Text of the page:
Series VII. Elmer Ernest Southard papers
A small series of correspondence, writing, notes and other miscellaneous material found with Elmer Ernest Southard upon his death in a New York City hotel on February 8, 1920.
Elmer Ernest Southard (1876-1920) was a distinguished psychiatrist and neuropathologist who made significant contributions to the fields of psychiatric social work and neuroimaging and conducted groundbreaking studies in schizophrenia. Southard, the only child of Martin Southard (1838-1910) and Olive Knowles Wentworth Southard (1845-1921), was born on July 28, 1876 in Boston, Massachusetts. He attended Boston Latin school (1893), Harvard College (A.B., 1897, A.M., 1902) and Harvard Medical School (M.D., 1901). On June 27, 1906, he married Mable Fletcher Austin, a graduate of Johns Hopkins Medical School, and the couple had three children.
Southard began his medical career in 1901 as an intern in pathology at the Boston City Hospital. Within three years, he had begun teaching the discipline, first at Boston City Hospital and later at Danvers State Hospital. In 1909, he was appointed the Bullard Professor of Neuropathology at Harvard Medical School where he remained until his death in 1920. In addition to his teaching roles, Southard served as the State Pathologist of Massachusetts, and in 1912, became the first director of the Boston Psychopathic Hospital.
Southard met Walter Arensberg as an undergraduate at Harvard where they were both members of the Harvard Chess Team, and they remained close friends until Southard's death. Although Southard lived in Boston, he made frequent trips to New York City to visit Aresnberg. Southard became a full participant in the Arensberg salon, providing expert knowledge on popular scientific topics such as Sigmund Freud's psychoanalytical theories as well as other scholarly topics such as St. Thomas Aquinas and Biblical psychology. Contact with Arensberg and his circle of friends may have influenced Southard's decision to write numerous experimental, free verse poems, some of which Arensberg critiqued. On February 8, 1920, during one of his visits to New York City, Southard passed away from influenza in his hotel room. His premature death may have been related to the headaches and seizures from which he suffered throughout his life.Works Consulted:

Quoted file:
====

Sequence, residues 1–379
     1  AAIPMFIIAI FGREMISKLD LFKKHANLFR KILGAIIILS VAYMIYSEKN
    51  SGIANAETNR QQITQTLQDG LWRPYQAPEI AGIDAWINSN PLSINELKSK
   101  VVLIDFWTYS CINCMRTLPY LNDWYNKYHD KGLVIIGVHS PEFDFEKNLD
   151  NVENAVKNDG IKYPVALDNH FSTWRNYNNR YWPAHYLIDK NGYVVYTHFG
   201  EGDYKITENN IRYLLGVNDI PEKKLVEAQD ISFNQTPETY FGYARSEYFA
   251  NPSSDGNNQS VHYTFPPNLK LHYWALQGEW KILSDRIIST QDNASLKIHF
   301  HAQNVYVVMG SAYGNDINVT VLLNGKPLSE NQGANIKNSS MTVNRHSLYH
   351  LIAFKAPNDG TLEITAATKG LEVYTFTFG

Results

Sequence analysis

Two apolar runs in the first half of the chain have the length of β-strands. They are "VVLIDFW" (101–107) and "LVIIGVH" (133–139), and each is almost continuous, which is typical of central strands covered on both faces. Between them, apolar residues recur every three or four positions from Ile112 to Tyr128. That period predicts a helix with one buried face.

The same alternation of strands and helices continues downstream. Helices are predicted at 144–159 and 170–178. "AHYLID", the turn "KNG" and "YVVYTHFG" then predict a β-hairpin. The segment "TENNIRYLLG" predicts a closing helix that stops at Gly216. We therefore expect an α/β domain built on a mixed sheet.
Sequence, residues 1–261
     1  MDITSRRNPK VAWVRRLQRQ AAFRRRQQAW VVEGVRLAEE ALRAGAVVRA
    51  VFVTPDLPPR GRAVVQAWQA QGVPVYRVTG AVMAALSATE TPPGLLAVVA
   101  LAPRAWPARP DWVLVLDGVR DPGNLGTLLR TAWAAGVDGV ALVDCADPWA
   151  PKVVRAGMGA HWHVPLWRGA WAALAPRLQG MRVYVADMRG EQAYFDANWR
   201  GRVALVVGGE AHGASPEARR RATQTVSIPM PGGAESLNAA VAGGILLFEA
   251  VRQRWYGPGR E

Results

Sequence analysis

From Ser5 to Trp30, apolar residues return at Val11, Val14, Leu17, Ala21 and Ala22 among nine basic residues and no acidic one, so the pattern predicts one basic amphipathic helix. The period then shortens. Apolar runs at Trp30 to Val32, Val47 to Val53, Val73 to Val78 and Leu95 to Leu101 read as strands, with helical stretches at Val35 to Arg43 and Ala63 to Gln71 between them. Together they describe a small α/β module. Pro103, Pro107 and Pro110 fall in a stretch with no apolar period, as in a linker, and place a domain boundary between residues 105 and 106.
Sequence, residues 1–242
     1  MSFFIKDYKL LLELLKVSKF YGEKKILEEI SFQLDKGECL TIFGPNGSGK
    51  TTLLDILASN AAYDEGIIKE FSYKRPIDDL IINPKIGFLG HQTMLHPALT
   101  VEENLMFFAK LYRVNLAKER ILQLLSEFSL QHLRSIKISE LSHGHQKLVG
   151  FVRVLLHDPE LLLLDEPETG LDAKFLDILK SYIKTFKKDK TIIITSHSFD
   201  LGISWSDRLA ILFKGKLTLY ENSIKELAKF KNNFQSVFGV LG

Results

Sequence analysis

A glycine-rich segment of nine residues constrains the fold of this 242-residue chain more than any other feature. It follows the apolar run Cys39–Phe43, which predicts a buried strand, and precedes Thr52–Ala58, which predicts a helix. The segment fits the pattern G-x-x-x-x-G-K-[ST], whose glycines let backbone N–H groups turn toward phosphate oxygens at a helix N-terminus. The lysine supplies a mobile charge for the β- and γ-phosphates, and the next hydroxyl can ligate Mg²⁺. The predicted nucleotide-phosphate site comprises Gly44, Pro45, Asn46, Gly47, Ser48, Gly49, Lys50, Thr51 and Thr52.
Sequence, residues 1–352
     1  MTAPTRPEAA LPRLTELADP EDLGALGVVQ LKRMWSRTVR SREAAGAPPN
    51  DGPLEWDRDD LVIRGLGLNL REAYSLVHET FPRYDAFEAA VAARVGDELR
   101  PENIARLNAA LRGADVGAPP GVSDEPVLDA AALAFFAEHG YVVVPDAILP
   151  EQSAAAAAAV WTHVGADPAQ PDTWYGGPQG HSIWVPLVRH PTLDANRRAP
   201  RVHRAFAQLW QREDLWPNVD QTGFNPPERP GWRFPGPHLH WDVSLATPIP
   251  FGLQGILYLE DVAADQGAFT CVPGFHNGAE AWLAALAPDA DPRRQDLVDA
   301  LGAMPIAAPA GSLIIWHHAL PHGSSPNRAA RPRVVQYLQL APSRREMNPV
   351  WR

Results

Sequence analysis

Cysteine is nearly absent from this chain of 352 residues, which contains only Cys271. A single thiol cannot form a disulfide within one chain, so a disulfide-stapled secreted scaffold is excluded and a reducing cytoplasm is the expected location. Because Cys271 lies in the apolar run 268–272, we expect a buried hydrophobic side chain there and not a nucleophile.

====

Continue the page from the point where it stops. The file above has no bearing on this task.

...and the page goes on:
- Gay, Frederick P. (Frederick Parker), 1874-The Open Mind: Elmer Ernest Southard, 1876-1920.
- Canavan, Myrtelle May (Moore), 1879-Elmer Ernest Southard and His Parents: A Brain Study.
- Naumann, Francis M."Cryptography and the Arensberg Circle."